Is the high-fructose corn syrup grown locally?


I’ve noticed an odd contradiction in at least one local restaurant. The situation goes like this: the restaurant promotes itself as using organic, locally-grown, all natural, or otherwise healthy ingredients. And for the most part, there’s no reason to believe they aren’t abiding by this guideline when preparing your food. However, the condiments on the table tell a different story.

In one example, the restaurant provides butter and jelly in little single-serve containers with breakfast. The butter is generic, but the jelly is a well-known brand. The first ingredient in that jelly? High fructose corn syrup. Yep, it’s more sugar than fruit. And I doubt the corn came from a local farm, either.

Granted, this is a small detail in the context of the overall dining experience. However, it’s more likely to be noticed when you’re positioning the restaurant as the type of place that would never serve mass-produced stuff. Returning to my example, I’m guessing there’s a way to buy little containers of organic fruit spreads or jam with no sugar added. And if those aren’t available from typical restaurant supply houses, I bet the farms that provide the other fresh ingredients would be happy to add natural jelly to their offerings.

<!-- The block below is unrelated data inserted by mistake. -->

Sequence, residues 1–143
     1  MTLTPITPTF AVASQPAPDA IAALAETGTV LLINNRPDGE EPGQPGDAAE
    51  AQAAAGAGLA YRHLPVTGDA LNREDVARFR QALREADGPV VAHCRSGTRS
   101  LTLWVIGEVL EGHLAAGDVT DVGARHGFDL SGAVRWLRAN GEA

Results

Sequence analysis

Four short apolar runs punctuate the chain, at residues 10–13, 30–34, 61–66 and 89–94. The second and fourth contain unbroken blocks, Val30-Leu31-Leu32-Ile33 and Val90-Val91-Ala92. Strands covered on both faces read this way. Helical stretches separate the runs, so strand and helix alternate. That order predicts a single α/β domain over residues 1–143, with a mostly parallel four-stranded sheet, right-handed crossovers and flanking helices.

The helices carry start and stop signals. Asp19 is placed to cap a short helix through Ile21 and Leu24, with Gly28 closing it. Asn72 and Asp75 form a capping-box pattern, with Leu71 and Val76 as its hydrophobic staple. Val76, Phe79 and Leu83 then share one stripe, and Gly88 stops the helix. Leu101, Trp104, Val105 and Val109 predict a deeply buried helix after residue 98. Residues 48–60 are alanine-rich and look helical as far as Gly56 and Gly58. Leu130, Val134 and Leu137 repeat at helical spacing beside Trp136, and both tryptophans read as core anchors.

Will switching the condiment selection to health-oriented versions help you sell more food? Maybe, maybe not. But if you’re already investing the time and money to make customers associate your restaurant with organic and local ingredients, it makes sense to go the extra mile and be consistent about it.